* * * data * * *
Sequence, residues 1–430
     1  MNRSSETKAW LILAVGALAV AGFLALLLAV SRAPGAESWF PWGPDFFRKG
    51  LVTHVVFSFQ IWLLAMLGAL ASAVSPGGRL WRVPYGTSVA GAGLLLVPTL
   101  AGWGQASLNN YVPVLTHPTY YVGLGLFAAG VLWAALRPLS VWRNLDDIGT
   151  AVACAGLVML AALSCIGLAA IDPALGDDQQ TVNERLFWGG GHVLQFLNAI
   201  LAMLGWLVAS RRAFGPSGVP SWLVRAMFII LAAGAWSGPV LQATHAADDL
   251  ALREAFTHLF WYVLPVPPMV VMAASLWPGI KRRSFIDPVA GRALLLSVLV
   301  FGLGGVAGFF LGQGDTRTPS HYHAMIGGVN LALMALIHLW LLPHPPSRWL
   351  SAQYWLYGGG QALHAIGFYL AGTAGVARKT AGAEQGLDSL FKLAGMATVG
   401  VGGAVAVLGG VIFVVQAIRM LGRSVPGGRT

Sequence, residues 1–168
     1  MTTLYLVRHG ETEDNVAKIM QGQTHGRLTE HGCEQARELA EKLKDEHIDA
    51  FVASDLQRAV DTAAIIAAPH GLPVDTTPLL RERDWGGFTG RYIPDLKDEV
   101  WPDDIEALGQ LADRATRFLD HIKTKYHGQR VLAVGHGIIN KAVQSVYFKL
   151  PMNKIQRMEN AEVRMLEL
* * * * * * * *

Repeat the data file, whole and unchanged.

Sequence, residues 1–430
     1  MNRSSETKAW LILAVGALAV AGFLALLLAV SRAPGAESWF PWGPDFFRKG
    51  LVTHVVFSFQ IWLLAMLGAL ASAVSPGGRL WRVPYGTSVA GAGLLLVPTL
   101  AGWGQASLNN YVPVLTHPTY YVGLGLFAAG VLWAALRPLS VWRNLDDIGT
   151  AVACAGLVML AALSCIGLAA IDPALGDDQQ TVNERLFWGG GHVLQFLNAI
   201  LAMLGWLVAS RRAFGPSGVP SWLVRAMFII LAAGAWSGPV LQATHAADDL
   251  ALREAFTHLF WYVLPVPPMV VMAASLWPGI KRRSFIDPVA GRALLLSVLV
   301  FGLGGVAGFF LGQGDTRTPS HYHAMIGGVN LALMALIHLW LLPHPPSRWL
   351  SAQYWLYGGG QALHAIGFYL AGTAGVARKT AGAEQGLDSL FKLAGMATVG
   401  VGGAVAVLGG VIFVVQAIRM LGRSVPGGRT

Sequence, residues 1–168
     1  MTTLYLVRHG ETEDNVAKIM QGQTHGRLTE HGCEQARELA EKLKDEHIDA
    51  FVASDLQRAV DTAAIIAAPH GLPVDTTPLL RERDWGGFTG RYIPDLKDEV
   101  WPDDIEALGQ LADRATRFLD HIKTKYHGQR VLAVGHGIIN KAVQSVYFKL
   151  PMNKIQRMEN AEVRMLEL